The rain in Spain stays mainly in the plain. But not where the gate opens in the beautiful Poblet of Tarragona. Warm weather kept with us all the way through METM13, the ninth (my first) annual meeting of Mediterranean Editors and Translators that offered top-professional perspectives on language, culture and identity.
Nearly everything in the METM13 program was really interesting.
Since I still haven’t learned to clone myself, I was forced to choose a couple of tracks.
Grammar is an issue that evokes passionate reactions in many people, and if there is ever a chance to hunt some whiches, bust some myths, and make more reasoned decisions while writing and editing, I am all for it. Many thanks to the excellent presenters for their enlightened insight on relative clauses, subject-verb agreement, dangling participles, adverbial disjuncts, and other “hangers-on”. I’m working on a summary presentation of the lessons learned, so you may hear more about this soon in a meeting room near you.
Another topic that I found particularly fascinating and useful were the “rich points,” challenging elements that a literary translator must identify and work on when translating a novel situated in another culture.
Translators are said to be the best readers because they have to notice and understand every detail and nuance in order to make the story work in the target culture. According to the METM presenters, these rich points compose a kind of map of the narrative terrain. Some translators may be able to read a novel for the first time as “normal” readers, without starting to immediately identify and map the culturally challenging elements as they follow the story. I cannot. If I know I am to translate what I am reading, mapping starts right there and then during the first round. A great help and support to the translator in this situation is the author if available to contact and ask for further context. In my current assignment I have this luxury and I wish the same for all translators of contemporary works.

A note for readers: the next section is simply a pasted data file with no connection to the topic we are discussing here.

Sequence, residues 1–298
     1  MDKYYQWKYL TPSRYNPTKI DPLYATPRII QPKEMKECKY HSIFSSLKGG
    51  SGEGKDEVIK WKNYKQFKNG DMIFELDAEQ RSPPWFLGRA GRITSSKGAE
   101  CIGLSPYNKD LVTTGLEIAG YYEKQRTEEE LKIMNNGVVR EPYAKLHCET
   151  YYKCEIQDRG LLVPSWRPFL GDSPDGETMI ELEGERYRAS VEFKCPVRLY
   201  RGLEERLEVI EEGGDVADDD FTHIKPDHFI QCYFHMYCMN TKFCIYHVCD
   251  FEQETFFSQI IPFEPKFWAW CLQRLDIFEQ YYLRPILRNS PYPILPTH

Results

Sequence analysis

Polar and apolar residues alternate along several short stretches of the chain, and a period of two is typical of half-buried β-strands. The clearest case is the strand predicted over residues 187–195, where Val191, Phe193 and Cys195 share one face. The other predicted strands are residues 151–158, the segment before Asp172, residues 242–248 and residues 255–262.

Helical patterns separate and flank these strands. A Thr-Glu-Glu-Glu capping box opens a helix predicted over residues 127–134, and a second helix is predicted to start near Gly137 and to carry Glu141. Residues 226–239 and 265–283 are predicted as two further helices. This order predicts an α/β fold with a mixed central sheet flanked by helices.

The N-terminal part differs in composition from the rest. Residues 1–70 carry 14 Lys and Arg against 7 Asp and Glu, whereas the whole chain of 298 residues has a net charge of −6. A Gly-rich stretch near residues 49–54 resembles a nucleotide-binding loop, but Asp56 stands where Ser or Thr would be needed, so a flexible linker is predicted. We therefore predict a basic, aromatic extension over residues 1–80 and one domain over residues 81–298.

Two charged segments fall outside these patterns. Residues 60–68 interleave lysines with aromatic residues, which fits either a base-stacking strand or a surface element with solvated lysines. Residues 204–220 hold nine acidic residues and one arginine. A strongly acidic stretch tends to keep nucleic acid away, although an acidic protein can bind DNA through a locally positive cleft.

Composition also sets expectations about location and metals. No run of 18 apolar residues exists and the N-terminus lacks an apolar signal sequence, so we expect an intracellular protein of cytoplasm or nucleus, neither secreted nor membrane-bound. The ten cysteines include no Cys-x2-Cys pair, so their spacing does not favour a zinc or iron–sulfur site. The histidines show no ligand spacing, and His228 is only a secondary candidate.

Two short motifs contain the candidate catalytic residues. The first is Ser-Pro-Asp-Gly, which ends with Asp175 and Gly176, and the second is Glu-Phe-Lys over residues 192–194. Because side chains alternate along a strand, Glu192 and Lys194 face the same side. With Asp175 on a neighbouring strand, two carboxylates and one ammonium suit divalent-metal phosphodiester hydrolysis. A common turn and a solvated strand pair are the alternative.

Living and working in Finland, instead of going all the way to Spain, I guess I could have just joined the Nordic Editors and Translators’ conference. If there was one. Currently there is no active organization in Finland that would welcome both editors and translators as members and provide them with training and networking in English. After having witnessed the outstanding activities of our Mediterranean-based colleagues, I see things from a wider perspective and hope to take a step further to improve the situation for Scandinavia or at least for Finland.